While I was watching the movie I felt sorry and envious towards Charlie, at the same time. On one hand he has this terrible thing in his past than haunts him and threatens to get out on the surface and destroy him. But on another he has very loving, supportive family. Though Charlie's parents played by Dylan McDermott and Kate Walsh don't have many lines, you really sense the warmth and care being constantly present in their home. You sense that these people love their children and that they are there for them, no matter what.
We also meet Charlie's sister Candace - she is a senior when he is starting high school and she dates a guy who loves her, but at one time Charlie sees him slapping his sister. Candace tells him nothing like that happened before, but she is clearly scared. That brings back memories of Charlie's aunt, who was also abused by her boyfriend. It is clear from Charlie's reaction that he is very sensitive to other people's pain and sometimes he can't bare it. He doesn't understand why people need to suffer.
Candace is played by Nina Dobrev, of The Vampire Dairies fame. She is extremely beautiful young actress and she really impressed me with her short performance here. There is this one moment when Charlie is in trouble and calls her up - her reaction to the phone call, genuine fear and love for her brother felt incredibly realistic. It's really a sign of genuine talent when an actress can create such memorable work just with short screen time.
All three main teens are played by exceptional young actors - Logan Lerman (Charlie), Ezra Miller (Patrick) and Emma Watson (Sam). Lerman is fantastic here, really becoming his troubled yet easy to relate to character and the rawness of his work is incredible at many times. Miller who scared the crap out of everyone in last year's terrific We Need to talk about Kevin is fantastic and often very amusing as charismatic Patrick. Though I wouldn't call him a scene stealer, it's amazing that in Kevin he played a teen you would never want to meet and now he plays a friend you would love to have, with equal believability and conviction.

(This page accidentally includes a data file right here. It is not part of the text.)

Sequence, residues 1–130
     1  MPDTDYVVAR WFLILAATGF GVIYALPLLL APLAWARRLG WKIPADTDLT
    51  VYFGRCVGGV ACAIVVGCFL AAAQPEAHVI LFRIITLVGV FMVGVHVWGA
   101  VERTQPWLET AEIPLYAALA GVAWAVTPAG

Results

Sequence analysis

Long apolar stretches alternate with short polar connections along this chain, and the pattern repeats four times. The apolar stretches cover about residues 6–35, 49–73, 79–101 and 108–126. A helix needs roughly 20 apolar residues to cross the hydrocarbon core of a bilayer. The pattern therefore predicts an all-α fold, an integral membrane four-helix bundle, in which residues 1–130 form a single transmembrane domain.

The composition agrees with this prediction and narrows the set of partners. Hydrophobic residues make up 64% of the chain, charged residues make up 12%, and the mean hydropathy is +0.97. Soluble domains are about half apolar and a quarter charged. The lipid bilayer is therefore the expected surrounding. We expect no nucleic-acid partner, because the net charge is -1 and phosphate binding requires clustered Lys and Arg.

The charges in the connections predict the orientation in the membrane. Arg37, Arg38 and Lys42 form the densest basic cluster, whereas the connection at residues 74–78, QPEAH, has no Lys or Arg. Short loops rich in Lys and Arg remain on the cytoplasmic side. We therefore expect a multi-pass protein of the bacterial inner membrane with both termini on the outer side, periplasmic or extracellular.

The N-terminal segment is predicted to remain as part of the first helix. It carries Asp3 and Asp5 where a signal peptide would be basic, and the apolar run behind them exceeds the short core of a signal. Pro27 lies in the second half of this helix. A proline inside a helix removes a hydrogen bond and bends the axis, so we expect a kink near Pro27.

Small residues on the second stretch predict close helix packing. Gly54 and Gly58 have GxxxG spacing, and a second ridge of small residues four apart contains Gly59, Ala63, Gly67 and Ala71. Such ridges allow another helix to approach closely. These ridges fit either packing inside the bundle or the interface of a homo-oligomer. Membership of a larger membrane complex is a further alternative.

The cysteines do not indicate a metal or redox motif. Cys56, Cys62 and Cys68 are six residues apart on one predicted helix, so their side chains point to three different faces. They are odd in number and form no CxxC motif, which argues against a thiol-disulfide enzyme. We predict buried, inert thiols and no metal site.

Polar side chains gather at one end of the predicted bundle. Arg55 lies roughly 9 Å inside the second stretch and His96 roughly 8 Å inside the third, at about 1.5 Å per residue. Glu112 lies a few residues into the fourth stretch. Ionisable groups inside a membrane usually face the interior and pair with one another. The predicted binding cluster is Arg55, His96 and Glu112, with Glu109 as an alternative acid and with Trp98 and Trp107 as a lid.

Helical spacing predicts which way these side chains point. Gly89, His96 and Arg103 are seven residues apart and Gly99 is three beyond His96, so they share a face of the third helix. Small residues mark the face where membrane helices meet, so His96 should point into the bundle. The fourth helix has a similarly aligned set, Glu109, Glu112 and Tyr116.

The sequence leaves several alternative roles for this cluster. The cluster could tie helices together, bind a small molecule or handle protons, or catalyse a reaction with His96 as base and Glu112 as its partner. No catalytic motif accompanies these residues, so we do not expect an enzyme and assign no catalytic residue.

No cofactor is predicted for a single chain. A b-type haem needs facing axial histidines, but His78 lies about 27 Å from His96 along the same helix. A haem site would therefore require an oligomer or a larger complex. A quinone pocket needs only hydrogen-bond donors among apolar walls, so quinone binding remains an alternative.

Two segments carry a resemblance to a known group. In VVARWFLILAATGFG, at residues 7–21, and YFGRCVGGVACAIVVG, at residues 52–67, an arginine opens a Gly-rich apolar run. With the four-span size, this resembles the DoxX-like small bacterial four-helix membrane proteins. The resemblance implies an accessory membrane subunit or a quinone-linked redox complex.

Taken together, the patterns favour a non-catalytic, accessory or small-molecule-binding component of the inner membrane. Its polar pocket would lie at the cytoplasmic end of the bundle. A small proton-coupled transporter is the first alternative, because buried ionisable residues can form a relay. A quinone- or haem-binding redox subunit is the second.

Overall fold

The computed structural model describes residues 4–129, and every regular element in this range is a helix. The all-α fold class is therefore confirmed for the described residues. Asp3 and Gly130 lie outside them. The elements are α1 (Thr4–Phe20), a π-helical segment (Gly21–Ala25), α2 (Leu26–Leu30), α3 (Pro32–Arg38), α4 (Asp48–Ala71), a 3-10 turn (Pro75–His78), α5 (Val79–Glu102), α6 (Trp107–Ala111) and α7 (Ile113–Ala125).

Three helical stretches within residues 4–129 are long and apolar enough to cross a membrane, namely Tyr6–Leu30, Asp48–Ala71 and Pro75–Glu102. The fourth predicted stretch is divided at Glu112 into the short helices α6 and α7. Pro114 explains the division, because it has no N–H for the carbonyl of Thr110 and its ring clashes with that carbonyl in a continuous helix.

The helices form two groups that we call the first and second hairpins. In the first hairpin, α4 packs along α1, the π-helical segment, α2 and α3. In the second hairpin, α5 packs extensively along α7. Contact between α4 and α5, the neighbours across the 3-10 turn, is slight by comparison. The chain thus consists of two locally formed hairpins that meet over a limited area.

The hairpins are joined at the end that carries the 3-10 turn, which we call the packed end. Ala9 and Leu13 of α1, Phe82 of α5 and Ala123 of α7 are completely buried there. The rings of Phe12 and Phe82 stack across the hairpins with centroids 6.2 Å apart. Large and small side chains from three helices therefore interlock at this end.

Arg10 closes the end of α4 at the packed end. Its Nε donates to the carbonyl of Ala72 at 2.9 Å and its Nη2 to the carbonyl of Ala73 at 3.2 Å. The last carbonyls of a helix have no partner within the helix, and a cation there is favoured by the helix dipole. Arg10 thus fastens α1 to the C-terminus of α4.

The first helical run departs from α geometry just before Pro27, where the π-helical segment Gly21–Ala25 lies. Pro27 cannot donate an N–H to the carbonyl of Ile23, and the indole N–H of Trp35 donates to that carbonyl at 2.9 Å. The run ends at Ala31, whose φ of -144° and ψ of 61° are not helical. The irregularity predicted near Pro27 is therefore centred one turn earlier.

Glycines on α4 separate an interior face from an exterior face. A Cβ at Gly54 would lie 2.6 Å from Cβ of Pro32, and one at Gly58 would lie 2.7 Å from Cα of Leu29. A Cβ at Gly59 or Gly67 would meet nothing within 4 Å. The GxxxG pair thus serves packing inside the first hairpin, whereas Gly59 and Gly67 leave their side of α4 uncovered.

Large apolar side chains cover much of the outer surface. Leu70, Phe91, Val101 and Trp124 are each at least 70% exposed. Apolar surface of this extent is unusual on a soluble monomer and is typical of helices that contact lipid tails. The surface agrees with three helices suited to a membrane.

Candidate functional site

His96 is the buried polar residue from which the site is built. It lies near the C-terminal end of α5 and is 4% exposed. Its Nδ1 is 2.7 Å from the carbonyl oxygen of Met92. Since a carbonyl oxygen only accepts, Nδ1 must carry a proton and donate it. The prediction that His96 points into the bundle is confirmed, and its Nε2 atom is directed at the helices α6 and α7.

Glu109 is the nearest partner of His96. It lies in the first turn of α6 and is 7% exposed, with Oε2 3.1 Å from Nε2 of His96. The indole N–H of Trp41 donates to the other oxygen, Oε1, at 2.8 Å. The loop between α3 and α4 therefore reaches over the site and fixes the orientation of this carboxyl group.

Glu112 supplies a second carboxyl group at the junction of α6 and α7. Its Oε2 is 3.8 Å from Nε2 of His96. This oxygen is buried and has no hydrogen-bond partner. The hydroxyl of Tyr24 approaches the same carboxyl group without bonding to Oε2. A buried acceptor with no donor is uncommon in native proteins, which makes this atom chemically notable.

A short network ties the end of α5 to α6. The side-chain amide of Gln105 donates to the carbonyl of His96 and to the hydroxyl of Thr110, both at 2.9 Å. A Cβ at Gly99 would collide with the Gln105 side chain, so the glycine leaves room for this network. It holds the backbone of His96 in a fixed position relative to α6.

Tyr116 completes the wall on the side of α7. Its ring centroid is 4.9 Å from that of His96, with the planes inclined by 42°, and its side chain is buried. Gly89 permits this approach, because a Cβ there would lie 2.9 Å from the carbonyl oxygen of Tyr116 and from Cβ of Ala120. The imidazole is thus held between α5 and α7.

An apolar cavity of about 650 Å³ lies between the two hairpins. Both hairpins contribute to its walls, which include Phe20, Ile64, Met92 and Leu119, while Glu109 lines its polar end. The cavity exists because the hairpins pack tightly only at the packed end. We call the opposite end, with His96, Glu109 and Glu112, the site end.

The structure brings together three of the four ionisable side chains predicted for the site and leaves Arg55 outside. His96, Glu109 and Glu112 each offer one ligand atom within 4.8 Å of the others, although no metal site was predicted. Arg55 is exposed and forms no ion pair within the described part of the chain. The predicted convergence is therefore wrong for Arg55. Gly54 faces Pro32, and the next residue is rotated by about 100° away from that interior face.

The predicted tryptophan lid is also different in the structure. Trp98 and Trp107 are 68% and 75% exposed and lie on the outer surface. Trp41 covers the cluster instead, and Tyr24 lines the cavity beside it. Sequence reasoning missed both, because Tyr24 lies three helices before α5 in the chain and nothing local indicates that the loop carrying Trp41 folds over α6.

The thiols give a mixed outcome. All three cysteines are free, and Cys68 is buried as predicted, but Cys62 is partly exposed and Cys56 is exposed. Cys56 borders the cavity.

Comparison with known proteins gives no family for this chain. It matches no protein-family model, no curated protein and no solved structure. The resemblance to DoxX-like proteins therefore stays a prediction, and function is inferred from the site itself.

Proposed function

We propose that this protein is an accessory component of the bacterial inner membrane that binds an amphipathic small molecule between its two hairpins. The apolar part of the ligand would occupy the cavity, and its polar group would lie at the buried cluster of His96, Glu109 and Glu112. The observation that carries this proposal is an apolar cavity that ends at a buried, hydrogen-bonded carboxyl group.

The weakest link out of three is definitely Emma Watson. The girl, bless her heart, really tries but she felt like a miscast for me. She doesn't have a "bad girl" vibe in her body and it was really hard for me to buy the fact that she was supposed to be all slutty and in drunken haze during her adventurous past. It really doesn't help that Watson appears to be so shy - she apparently refuses to watch her kissing scenes and Rocky Horror Picture Show sequences from the movie. Ah, honey, that's not the way to go.